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pango
02-23-2004, 06:45 AM
I found the blend operation of my Radeon9800 is poor,and I heard that blend operation can slow down the render speed,is it true?how about the performance of blend operation in modern GPU?

Obli
02-24-2004, 04:23 AM
Originally posted by pango:
I found the blend operation of my Radeon9800 is poor,and I heard that blend operation can slow down the render speed,is it true?Sure it is. Everything takes some time anyway. Blend op is especially painful for GPUs because they usually do:
Compute pixel, put in framebuffer,
Compute pixel, put in framebuffer...

With blending:
Compute pixel, ask framebuffer what color is at this location, wait for data to get here, compute blending, put in framebuffer. It takes much longer.

Originally posted by pango:
how about the performance of blend operation in modern GPU?I don't know of anything which performs much differently from what you're saying. I wonder what 'modern' stands for however.

EDIT: next time consider posting this in beginner's forum.

[This message has been edited by Obli (edited 02-24-2004).]

Jan
02-24-2004, 05:12 AM
Well, a Radeon 9800 is ne most modern GPU you can get at them moment, so...

However blending with multiple passes can sometime be faster than using a lot of texture units and a complex pixelshader.

Jan.

pango
02-25-2004, 08:41 AM
To Jan2000:
what's the "multiple pass"?Where can I get the sample code?The performance of blend is important for me,please help.

Jan
02-25-2004, 09:10 AM
You can use a lot of textures in ONE pass, which is called "multitexturing",
or you can use only one or at least only a few textures, calculate an intermediate result, write it to the framebuffer and then use another pass and blend that with the stuff in the framebuffer to get the final result. This is called "multipass".

Itīs nothing special, you simply render the same geometry over and over again, but each time you do another step of your computations.

Especially on Radeons this is often faster, since the Radeons have a very good early z-rejection. This means, that when you do your second pass over the geometry, a lot of pixels arenīt even considered to be processed, since the GPU already knows, that they wonīt be visible.
Opposed to that, a complex pass, which does everything at once would calculate a lot of pixels, which are not visible in the end, giving the GPU a lot of needless work to do.

Jan.

Korval
02-25-2004, 11:02 AM
However, that being said, there are a lot of things that shaders can do that you can't (efficiently) do with multipass. Even when you do get floating-point blending, you can't really expect passing that much data back and forth to memory is going to be fast.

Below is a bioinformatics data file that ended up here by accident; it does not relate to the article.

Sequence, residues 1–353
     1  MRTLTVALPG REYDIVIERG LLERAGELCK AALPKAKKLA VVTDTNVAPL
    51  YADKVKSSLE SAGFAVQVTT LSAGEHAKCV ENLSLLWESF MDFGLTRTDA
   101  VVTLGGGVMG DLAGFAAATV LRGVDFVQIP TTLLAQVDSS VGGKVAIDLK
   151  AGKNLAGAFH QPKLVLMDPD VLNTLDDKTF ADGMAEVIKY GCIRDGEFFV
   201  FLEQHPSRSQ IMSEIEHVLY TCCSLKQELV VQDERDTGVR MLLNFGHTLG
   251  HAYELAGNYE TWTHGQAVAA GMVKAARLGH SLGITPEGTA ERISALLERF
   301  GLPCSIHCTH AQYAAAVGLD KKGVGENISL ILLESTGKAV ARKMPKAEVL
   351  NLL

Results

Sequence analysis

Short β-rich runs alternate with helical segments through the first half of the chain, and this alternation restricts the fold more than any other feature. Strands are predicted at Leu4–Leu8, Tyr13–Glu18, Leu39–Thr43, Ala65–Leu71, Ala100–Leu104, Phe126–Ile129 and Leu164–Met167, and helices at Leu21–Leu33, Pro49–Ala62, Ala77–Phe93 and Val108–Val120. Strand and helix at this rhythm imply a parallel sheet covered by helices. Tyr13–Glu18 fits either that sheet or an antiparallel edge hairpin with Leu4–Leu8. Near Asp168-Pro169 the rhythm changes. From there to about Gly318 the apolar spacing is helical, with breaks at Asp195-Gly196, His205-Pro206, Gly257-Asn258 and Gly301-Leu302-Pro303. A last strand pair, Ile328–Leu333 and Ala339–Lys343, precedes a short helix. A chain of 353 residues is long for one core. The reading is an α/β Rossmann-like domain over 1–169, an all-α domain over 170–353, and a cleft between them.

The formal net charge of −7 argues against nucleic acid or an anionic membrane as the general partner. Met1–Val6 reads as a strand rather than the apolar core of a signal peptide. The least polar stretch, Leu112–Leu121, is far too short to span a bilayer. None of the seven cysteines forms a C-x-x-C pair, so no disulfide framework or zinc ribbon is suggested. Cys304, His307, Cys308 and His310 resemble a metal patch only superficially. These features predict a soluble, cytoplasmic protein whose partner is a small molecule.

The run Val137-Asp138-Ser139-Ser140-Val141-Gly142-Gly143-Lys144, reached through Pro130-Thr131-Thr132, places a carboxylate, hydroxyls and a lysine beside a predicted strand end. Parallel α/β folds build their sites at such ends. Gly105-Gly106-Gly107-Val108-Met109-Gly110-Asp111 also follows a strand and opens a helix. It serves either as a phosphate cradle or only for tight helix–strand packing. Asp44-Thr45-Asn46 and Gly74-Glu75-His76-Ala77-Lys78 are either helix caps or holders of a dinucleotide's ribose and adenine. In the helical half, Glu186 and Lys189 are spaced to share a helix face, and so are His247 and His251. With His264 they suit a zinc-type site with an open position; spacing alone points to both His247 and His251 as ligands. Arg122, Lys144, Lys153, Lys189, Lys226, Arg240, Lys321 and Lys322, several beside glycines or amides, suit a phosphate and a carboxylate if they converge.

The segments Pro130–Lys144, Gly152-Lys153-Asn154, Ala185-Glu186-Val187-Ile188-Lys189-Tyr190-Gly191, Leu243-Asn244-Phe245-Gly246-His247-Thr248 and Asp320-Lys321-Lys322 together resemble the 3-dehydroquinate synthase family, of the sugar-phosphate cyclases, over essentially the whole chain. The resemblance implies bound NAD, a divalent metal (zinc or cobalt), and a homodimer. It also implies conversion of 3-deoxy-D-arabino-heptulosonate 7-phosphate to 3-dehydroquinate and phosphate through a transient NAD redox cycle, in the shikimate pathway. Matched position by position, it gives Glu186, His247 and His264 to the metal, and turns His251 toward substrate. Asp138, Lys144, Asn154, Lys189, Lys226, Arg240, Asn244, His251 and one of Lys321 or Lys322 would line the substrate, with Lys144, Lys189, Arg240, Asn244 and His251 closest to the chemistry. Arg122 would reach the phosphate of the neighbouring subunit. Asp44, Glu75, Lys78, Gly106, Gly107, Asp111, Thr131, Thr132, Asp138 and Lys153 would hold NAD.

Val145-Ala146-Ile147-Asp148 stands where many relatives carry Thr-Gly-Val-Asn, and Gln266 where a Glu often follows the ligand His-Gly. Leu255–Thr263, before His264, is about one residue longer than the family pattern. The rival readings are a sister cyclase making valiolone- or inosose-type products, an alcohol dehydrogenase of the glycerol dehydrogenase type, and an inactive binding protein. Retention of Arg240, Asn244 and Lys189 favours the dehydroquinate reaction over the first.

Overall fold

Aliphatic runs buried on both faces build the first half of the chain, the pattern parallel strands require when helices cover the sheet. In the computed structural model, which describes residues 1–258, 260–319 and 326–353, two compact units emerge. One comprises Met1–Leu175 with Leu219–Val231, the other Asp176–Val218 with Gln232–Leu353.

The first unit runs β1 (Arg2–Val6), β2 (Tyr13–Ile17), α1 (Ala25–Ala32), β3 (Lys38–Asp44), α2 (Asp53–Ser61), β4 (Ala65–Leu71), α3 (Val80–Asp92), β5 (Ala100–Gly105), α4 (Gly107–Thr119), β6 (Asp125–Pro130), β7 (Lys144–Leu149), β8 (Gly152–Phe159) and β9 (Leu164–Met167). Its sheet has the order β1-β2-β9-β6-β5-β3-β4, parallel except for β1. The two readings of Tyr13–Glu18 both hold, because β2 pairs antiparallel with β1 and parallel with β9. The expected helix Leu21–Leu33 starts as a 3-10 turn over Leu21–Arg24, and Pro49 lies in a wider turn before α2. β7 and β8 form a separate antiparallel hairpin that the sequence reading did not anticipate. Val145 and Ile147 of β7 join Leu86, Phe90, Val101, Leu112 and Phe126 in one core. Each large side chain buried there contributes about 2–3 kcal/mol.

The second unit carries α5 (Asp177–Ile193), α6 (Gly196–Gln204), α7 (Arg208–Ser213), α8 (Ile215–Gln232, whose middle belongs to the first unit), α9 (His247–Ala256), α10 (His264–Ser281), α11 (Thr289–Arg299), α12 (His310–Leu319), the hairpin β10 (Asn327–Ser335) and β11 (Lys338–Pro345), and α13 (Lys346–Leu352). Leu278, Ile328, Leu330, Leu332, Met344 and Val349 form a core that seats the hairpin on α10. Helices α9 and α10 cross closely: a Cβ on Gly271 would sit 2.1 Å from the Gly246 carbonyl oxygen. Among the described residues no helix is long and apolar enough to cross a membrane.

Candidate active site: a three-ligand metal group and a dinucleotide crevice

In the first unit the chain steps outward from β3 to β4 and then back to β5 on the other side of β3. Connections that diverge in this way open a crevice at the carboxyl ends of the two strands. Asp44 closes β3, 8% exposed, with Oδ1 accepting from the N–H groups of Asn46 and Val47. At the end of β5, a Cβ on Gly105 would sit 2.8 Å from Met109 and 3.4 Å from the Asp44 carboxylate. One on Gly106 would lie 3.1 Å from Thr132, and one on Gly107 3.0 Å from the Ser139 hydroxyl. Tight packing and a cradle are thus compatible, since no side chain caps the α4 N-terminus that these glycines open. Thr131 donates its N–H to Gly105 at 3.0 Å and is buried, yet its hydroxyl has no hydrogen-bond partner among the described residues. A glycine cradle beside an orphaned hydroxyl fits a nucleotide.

If you have a complex shader and want to make sure that only the visible pixels are being rendered, then draw a "blank" pass over all of your geometry where you only write to the z-buffer. Then, draw a real pass where you actually write colors to the frame buffer.

In any case, I think this has gotten somewhat OT of the original post.

In what way did you find the blending performance of the 9800 poor? How much were you using blending? What blend operation was it?

jwatte
02-25-2004, 05:26 PM
The card probably doesn't work on a single pixel at a time.

Typically, I'd assume that the card has a memory fetch/write unit which works a lot like a cache line in a CPU. If you want to touch ANY pixel within the "cache line" (DRAM page sized, perhaps?) then all of it is slurped into the controller. Then, a bunch of changes can be made in "near memory" to nearby pixels, and at the end, when no more changes are made, the memory controller writes out the result.

I'd go so far as to say that the hardware might have TWO copies of memory for each cache line / framebuffer block; one for what's arriving from RAM, and one for what's being written (with dirty bits and blend functions). That way, it doesn't have to wait for memory reads at all, because that'll be done by the time it's time to evict this "cache line" back to DRAM.

This is all a guess, but my take-away is that blending is free on all modern hardware; it's the fact that you're touching pixels which matters. Measurements seem to agree. This also means that writing sparsely using alpha testing is still pretty expensive, because any pixel written with a RAM page pays the cost of the entire RAM page to memory.

Korval
02-25-2004, 06:42 PM
This is all a guess, but my take-away is that blending is free on all modern hardware; it's the fact that you're touching pixels which matters.

Well, yes, the actual color blending operation itself is free. But by turning on blending, you're asking for a read-modify-write operation, which is never free.

Writing to memory should never provoke a read operation. So, unless alpha-test logic is somehow bound to blending logic, there is no reason for an alpha-test to be substantially slower than regular operations.